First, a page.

Graham Farmelo, Emma Griffin, Andrew Hadfield, Tim Hall and Jan Marsh...

A weekly look over the shoulders of our scholar-reviewers

October 17, 2013

Graham Farmelo, by-fellow at Churchill College, Cambridge, is reading Steven Weinberg’s Lectures on Quantum Mechanics (Cambridge University Press, 2012). “Nothing cheers me up quite as much as a really good quantum mechanics textbook. What could be more exhilarating than to see this great theory set out in all its glory? Weinberg’s book is an instant classic of the genre – clear, beautifully structured and replete with insights. This confirms his reputation as not only one of the greatest theoreticians of the past 50 years, but also one of the most lucid expositors. Pure joy.”

The Great Ocean, by David Igler

Emma Griffin, professor of modern British history, University of East Anglia, is reading David Igler’s The Great Ocean: Pacific Worlds from Captain Cook to the Gold Rush (Oxford University Press, 2013). “The Pacific is home to a vast number of tiny islands probed and charted ever more precisely in Cook’s era. Some of Igler’s topics, such as the devastating epidemiological implications of European exploration on indigenous communities, have been well documented. Others – the decimation of sea otters and fur seals – have attracted far less attention. This is a rare thing: an academic book that is also a thoroughly good read.”

The Rise of Prison Literature, by Ruth Ahnert

Andrew Hadfield, professor of English, University of Sussex, is reading Ruth Ahnert’s The Rise of Prison Literature in the Sixteenth Century (Cambridge University Press, 2013). “Prison life was varied and interesting in early modern England, as was the literature produced by those incarcerated. Ahnert’s book is not only important but also engaging, mapping out a new territory of pious and inventive writers who lived to write. She is especially good at reading between the lines and bringing to light what even prison writings leave obscure, notably the epistolary relationship in verse between Margaret Douglas and Thomas Howard.”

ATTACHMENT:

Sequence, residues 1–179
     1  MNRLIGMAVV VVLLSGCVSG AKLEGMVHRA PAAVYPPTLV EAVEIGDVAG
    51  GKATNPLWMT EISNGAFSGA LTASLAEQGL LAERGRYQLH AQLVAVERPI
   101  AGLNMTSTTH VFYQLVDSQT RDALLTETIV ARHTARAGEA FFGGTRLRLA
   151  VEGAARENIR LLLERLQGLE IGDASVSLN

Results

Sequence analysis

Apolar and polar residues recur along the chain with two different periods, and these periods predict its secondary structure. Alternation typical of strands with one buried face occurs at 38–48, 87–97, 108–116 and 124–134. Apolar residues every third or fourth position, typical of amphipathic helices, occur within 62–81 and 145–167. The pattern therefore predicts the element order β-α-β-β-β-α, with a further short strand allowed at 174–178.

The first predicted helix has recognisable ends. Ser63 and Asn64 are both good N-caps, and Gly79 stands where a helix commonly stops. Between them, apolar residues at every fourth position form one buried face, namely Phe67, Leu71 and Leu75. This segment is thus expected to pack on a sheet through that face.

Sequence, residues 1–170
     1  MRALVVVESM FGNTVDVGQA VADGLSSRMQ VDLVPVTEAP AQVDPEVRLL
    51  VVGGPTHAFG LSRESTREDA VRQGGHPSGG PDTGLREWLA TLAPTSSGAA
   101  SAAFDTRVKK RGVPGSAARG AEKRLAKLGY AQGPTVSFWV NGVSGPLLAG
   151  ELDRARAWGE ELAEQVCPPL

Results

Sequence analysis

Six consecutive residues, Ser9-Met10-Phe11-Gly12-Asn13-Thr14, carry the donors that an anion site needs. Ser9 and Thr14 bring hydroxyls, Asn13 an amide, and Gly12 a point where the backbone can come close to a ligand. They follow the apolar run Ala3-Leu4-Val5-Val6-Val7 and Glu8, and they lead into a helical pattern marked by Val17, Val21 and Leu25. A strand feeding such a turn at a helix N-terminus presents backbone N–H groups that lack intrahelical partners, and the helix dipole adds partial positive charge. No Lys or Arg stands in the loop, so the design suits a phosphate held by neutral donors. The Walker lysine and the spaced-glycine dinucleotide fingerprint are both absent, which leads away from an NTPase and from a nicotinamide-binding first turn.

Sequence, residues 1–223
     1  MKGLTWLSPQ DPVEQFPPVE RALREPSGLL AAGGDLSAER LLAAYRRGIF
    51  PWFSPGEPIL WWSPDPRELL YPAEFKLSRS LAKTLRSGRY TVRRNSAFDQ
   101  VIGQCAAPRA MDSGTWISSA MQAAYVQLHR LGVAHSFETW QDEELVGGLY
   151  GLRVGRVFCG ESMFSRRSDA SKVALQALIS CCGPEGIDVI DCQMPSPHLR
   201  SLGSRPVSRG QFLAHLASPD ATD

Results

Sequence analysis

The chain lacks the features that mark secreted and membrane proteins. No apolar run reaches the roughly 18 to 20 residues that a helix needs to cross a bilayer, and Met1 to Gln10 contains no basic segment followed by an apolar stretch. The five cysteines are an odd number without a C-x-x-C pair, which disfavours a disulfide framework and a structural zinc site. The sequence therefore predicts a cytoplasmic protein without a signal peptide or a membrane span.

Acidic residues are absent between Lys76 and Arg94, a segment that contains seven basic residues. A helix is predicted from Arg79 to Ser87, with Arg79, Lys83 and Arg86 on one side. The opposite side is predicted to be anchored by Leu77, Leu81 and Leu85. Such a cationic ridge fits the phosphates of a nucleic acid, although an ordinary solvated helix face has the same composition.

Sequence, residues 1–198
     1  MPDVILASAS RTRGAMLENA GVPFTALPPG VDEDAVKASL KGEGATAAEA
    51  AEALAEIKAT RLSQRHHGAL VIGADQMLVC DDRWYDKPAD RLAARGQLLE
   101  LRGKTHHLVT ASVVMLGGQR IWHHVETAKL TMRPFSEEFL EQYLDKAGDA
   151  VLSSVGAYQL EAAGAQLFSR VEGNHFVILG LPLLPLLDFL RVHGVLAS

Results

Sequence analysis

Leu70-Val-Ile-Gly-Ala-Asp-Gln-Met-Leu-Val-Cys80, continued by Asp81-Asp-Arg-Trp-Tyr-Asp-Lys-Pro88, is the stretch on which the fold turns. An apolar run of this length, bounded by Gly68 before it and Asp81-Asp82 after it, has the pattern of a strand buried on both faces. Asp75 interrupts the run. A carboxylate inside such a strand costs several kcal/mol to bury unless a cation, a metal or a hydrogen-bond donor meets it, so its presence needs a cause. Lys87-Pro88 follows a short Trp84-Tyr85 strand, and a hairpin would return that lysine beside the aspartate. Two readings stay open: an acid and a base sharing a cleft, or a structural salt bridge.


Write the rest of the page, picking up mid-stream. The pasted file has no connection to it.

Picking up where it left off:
Rebel Cities, by David Harvey

Tim Hall, professor of interdisciplinary social studies, University of Winchester, is reading David Harvey’s Rebel Cities: From the Right to the City to the Urban Revolution (Verso, 2013). “The great Marxist urbanist puts recent urban crises into their historical contexts. While the fundamentals of the analysis might be familiar, their application is fresh, wide-ranging and directly conveyed. Harvey places the city at the heart of his arguments and lays bare the hegemony and madness of fictitious capitalism.”

Classified and Classifier, by Lionel Cliff Jansen

Jan Marsh, honorary associate at Newnham College, Cambridge, is reading Lionel Cliff Jansen’s Classified and Classifier: Tilting at Windmills (Aspect Design, 2013). “Democracies offer the right of appeal against official judgements. In this thought-provoking essay, whose wry title invokes Don Quixote, social anthropologist Jansen – born in South Africa, where ‘race classification’ abruptly withdrew his community’s civil rights – recounts his 1977 battle with a UK university to appeal a degree class that precluded postgraduate study. A second section dissects the downgrading in 2012 of some GCSE results. Arguably, by sitting exams, students accept the verdict.”

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